Destructive winds lashing Australia’s south-east have destroyed part of a major Melbourne pier, sending the end of the structure loose into the ocean.
The State Emergency Service (SES) said part of the pier at Frankston, in Melbourne’s outer south-east, had become detached.
Frankston worker Chris Ransom saw the piece of the pier floating away from his office building and told the ABC it appeared it was heading north.
The area experienced wind gusts of more than 110 kilometres per hour on Friday morning as a deep polar low moved across the region, seeing flights cancelled and prompting warnings of traffic chaos and blizzards.
“This is the coldest outbreak the south-east has seen this year,” Bureau of Meteorology duty forecaster Rohan Smyth said.
Frankston Pier starting to break up and drift off
Posted by Everything Mornington Peninsula on Thursday, August 8, 2019
Domestic flights hit by delays
Domestic and international flights at Sydney Airport were affected by the weather, with multiple cancellations on services on Friday morning.
Melbourne Airport said 23 domestic flights had been cancelled, but international services were not impacted.
Both airports urged travellers to check directly with their airlines to see if their travel would be affected.
Conditions had eased in South Australia on Friday morning, but more than 5500 customers remained without power after outages across the state.
Heading to the snow?⛷️The Great Alpine Road, the main road into Mt Hotham is closed between Harrietville and Hotham Village due to heavy snowfall, poor visibility, and strong winds.
The Omeo approach is still open. Follow @VicTraffic for updates. pic.twitter.com/SxY0stjbXt
— VicRoads (@VicRoads) August 8, 2019
The snow fields in Victoria and New South Wales experienced a major dump of snow overnight, and blizzard and avalanche warnings remained in place.
Melbourne and south-west Victoria are experiencing the worst of the weather on Friday morning, with damaging winds intensifying in the capital before peaking about 9am.
The outer south-eastern suburbs near Frankston and the Mornington Peninsula bore the full force of the winds, but the CBD and northern suburbs escaped the worst of the weather.
Cape Otway, south-west of Melbourne, experienced wind gusts of up to 115km/h early on Friday morning.
So much snow at Perisher the heavy machinery is needed to clear the snow!! ❄❄❄Video: Perisher
Posted by SNOWSEARCH australia on Thursday, August 8, 2019
Hundreds of calls for help
Motorists were urged to take extra caution during peak hour traffic and the SES issued a road weather alert for “dangerous” driving conditions.
“Following the wild weather overnight and continuing this morning there’s plenty of debris out there,” Andrew Crook from Victoria’s Department of Transport said.
“Lots of water on the road. Please take it easy. Look out for fallen branches and trees and if you come across fallen power lines, don’t approach them,” he said, adding people should call triple zero in emergency situations.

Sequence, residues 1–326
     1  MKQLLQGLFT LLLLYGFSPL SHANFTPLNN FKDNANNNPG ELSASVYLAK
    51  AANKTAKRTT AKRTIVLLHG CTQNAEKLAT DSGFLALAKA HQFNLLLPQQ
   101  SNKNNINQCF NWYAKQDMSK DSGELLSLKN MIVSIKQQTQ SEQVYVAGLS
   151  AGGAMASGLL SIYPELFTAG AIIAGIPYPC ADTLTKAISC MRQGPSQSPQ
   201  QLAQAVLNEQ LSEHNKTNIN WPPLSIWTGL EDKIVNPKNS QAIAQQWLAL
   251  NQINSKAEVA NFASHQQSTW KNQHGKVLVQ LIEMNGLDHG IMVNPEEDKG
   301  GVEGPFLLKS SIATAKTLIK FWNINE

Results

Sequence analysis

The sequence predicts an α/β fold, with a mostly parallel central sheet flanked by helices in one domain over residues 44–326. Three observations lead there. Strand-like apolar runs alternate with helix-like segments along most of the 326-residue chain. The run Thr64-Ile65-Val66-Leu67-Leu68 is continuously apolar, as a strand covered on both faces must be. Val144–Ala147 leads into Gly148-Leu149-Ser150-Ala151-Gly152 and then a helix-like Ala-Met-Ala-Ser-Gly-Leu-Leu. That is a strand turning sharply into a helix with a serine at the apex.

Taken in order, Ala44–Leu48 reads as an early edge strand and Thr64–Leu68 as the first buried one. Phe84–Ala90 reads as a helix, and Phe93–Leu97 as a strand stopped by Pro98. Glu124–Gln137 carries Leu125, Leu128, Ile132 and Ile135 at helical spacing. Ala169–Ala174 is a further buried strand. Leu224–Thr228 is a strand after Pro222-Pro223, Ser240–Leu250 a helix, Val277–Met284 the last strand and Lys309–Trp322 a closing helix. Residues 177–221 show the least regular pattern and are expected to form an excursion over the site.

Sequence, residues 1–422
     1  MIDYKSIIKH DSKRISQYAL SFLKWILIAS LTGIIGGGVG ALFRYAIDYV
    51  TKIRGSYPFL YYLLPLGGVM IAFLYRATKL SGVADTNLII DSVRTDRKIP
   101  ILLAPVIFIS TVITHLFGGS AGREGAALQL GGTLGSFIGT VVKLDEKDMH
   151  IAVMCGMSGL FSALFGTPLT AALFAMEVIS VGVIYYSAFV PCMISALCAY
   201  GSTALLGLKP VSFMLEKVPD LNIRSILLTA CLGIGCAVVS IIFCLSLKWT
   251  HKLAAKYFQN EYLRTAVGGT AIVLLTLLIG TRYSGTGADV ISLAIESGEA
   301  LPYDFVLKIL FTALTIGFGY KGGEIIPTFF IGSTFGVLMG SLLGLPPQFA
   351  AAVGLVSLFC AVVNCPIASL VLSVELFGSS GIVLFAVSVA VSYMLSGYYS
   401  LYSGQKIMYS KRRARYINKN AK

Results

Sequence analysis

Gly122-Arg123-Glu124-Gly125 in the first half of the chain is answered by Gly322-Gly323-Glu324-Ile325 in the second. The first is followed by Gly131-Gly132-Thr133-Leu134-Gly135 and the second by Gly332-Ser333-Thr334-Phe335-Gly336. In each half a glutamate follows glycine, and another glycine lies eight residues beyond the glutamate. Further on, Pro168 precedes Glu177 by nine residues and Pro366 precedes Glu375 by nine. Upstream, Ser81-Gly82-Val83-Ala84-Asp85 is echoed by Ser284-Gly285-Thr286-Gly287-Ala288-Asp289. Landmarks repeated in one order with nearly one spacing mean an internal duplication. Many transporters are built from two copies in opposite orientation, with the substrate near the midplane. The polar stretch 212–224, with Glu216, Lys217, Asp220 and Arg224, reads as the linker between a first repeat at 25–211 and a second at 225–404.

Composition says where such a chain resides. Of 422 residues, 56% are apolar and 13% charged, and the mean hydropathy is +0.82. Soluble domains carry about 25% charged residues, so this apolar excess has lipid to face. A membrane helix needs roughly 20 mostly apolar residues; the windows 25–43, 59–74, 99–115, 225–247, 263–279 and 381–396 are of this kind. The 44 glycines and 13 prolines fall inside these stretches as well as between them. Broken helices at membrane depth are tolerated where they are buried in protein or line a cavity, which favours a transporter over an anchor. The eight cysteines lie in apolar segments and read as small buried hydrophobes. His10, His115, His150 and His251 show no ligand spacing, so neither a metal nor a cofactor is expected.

Speed limits were dropped down to 60km/h on Melbourne’s busy Bolte and West Gate bridges due to the strong and gusty winds.
Victoria’s SES said it had received more than 475 calls for help between 8pm and 10am, mostly due to fallen trees and some building damage.
More than 1500 customers were without power across the state at about 7:30am.
Worst to come for NSW, ACT
South Australia felt the brunt of the low through Thursday night and early Friday morning, with a severe weather warning remaining in place for Mount Lofty Ranges, Kangaroo Island and parts of Adelaide Metropolitan, Yorke Peninsula, Murraylands and Upper South East districts.
Widespread areas of dust were reported over parts of SA’s Mid North, Riverland and Murraylands districts.
SA SES state duty officer Tony Costello said the state’s emergency service had received about 340 calls for assistance in a “fairly hectic” 24 hours.
The high winds and poor visibility made it difficult for emergency services to reach the scene of a fatal truck collision on the Stuart Highway near South Australia’s Barossa Valley region.
— Bureau of Meteorology, Victoria (@BOM_Vic) August 9, 2019
The cold blast is expected to bring rain, thunder and hail to Victoria throughout the day, before moving east to NSW and the ACT.
The “worst of the cold air” was expected to reach NSW on Saturday, Mr Smyth said.
In NSW, most of the state’s east coast was issued a damaging wind warning for more than 90 kph on Friday.
The regions at risk are the Hunter, Sydney Metropolitan, Illawarra, Southern Tablelands, Snowy Mountains, Australian Capital Territory and parts of Mid North Coast, South Coast, Central Tablelands, South West Slopes and Northern Tablelands.
Snow dump increases avalanche risk
Victoria’s ski resorts, which have been experiencing lacklustre snowfalls so far this season, are expecting the winter storm to bring welcome snow to bolster low base levels.
A blizzard warning for Victoria and NSW’s alpine areas remained in place, with winds expected to peak at 120km/h.
“This dump of snow will increase the risk of avalanche, so skiers outside of resort areas should assess the avalanche risk,” Mr Smyth said.
The Great Alpine Road in Victoria has been closed between Harrietville and Mount Hotham due to heavy snow.
Just before 5:30am, the apparent temperature at Thredbo top station was -22 degrees.
It was forecast to snow at altitudes as low as 500 metres in Victoria, including near the Dandenong Ranges, just east of Melbourne’s suburban fringe, and near the central town of Ballarat.
The NSW National Parks and Wildlife Service has recommended backcountry travel be postponed until conditions improve.